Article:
Sunday, October 06, 2013

Snap

When we last left my new, custom built, kitchen cabinet, I had located new hinges that virtually matched the hinges on my existing cabinets, as well as one vintage green, glass knob and a vintage nickel drawer pull.  The one thing missing was the three cabinet latches for the three doors.

The existing vintage latches I'm trying to match.
I had hoped to find vintage versions of these. My existing cabinet latches are unusual in that (when polished) the knob on the latch is brass colored and the body of the latch is nickel. I looked high and low for vintage replacement latches. At one point, I discovered some very close to my existing latches at the ReUse Center (now closed).  They were on a rather large bank of existing cabinets they pulled out of some poor house. They would not sell me three of those latches. Either I bought the whole bank of cabinets for near $1,000, or I was out of luck. 

Anywho. Here we are 4 years later. I finally broke down and started shopping new latches. I comforted myself with the fact that the new cabinet was across the room from the existing cabinets.  I hit up two of the well known vintage look hardware websites. Then on a whim I pulled up the site of Crown City Hardware. Their latches were quite a bit less expensive than the other two stores and they looked similar enough.  I ordered three in oil rubbed bronze.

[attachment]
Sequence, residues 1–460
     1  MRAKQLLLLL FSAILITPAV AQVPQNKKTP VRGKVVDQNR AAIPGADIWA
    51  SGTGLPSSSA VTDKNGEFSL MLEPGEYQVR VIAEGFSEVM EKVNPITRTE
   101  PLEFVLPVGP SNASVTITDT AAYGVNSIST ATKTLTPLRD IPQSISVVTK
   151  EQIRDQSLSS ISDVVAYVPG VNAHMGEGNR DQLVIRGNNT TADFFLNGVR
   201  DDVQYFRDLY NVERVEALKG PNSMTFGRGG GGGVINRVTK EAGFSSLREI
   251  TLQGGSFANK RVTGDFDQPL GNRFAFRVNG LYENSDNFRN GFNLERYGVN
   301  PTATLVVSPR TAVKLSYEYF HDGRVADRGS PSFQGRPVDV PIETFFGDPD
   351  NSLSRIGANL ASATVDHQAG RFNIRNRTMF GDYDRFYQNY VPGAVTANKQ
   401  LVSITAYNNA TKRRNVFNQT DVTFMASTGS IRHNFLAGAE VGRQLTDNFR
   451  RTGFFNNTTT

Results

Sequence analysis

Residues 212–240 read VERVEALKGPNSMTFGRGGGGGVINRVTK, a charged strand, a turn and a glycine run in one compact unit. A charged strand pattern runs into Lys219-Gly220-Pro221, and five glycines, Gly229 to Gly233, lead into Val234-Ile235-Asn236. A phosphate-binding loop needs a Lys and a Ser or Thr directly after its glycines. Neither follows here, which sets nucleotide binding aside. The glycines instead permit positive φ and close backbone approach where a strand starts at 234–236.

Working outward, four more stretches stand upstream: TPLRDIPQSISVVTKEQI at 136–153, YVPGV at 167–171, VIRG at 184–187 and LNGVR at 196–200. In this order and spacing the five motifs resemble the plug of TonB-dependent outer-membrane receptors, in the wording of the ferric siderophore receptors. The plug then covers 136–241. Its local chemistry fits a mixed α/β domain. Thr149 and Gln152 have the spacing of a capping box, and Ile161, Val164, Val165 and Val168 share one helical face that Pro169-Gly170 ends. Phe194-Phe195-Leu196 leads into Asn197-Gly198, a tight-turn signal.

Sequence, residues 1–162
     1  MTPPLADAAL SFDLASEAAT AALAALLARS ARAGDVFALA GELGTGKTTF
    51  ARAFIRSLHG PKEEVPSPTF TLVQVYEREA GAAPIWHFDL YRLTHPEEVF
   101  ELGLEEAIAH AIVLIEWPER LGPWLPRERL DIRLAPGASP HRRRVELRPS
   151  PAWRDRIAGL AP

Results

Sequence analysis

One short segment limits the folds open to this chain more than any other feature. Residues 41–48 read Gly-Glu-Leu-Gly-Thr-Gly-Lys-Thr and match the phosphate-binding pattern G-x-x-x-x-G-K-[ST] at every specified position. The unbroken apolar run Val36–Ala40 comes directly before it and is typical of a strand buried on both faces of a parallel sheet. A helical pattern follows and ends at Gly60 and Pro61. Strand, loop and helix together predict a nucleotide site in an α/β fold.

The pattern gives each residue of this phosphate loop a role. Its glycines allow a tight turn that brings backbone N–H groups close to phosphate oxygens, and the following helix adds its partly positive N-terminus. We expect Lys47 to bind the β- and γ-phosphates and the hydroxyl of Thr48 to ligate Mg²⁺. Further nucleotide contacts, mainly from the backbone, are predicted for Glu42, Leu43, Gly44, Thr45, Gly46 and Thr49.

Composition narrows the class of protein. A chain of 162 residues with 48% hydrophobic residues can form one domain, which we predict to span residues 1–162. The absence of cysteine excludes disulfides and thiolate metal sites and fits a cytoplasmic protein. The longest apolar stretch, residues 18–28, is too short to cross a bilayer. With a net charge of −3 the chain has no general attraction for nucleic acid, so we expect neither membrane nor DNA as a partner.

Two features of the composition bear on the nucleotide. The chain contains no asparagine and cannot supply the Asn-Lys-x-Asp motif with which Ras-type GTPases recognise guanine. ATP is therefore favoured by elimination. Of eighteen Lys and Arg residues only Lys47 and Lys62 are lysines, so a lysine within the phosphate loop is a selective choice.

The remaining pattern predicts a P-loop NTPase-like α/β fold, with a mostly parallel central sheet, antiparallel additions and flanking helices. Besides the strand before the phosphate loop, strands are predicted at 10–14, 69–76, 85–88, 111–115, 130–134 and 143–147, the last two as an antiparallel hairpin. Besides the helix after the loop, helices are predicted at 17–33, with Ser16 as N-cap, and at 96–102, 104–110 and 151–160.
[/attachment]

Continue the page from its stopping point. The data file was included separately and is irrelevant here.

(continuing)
The new latches. Made in Taiwan.
They arrived and looked fine.  So, one day armed with my drill and a bar of soap.....and a fair amount of courage.....I started to install the new latches.




I carefully measured, remeasured and then re-remeasured.  Then I marked off the drill holes with a Sharpie.  I drilled a hole, ran the screw through the bar of soap and then hand screwed the hardware in place.  All was well with the world.


 And then on the last hole of the last latch, the screw snapped. The head of the screw fell to the floor.  My heart stopped. Then it sunk.

There it is. Just hanging there. Half of a screw lodged in the wood and half laying on the floor below.
I put down the drill and walked away.  Over the next day I was able to talk myself down from despair. It was the top screw on the latch on the top cabinet. If a screw had to snap off, this was the ideal screw to do that. Worse things have happened to better people. Not the end of the world.  Etc.
The top of the offending screw.

I sent off an email to Crown City telling them I had a screw snap off and asking if I could get a replacement screw. My email was that simple. Short and sweet. I thought they would drop a matching $0.20 screw in an envelope to me.  Probably with a generic apology.